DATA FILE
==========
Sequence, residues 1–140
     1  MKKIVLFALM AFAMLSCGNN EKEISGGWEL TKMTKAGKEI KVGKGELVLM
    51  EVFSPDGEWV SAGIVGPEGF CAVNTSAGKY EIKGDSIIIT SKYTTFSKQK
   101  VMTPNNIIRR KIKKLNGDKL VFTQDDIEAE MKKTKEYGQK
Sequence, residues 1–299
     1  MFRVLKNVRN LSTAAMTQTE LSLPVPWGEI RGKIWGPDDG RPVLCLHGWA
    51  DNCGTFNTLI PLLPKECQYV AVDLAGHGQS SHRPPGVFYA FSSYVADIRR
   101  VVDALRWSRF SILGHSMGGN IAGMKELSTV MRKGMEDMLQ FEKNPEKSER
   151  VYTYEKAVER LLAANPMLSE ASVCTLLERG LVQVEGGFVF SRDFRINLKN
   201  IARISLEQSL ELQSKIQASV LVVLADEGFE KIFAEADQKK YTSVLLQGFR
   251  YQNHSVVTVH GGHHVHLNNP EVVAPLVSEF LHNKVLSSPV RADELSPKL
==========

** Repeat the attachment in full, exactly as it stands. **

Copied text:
Sequence, residues 1–140
     1  MKKIVLFALM AFAMLSCGNN EKEISGGWEL TKMTKAGKEI KVGKGELVLM
    51  EVFSPDGEWV SAGIVGPEGF CAVNTSAGKY EIKGDSIIIT SKYTTFSKQK
   101  VMTPNNIIRR KIKKLNGDKL VFTQDDIEAE MKKTKEYGQK
Sequence, residues 1–299
     1  MFRVLKNVRN LSTAAMTQTE LSLPVPWGEI RGKIWGPDDG RPVLCLHGWA
    51  DNCGTFNTLI PLLPKECQYV AVDLAGHGQS SHRPPGVFYA FSSYVADIRR
   101  VVDALRWSRF SILGHSMGGN IAGMKELSTV MRKGMEDMLQ FEKNPEKSER
   151  VYTYEKAVER LLAANPMLSE ASVCTLLERG LVQVEGGFVF SRDFRINLKN
   201  IARISLEQSL ELQSKIQASV LVVLADEGFE KIFAEADQKK YTSVLLQGFR
   251  YQNHSVVTVH GGHHVHLNNP EVVAPLVSEF LHNKVLSSPV RADELSPKL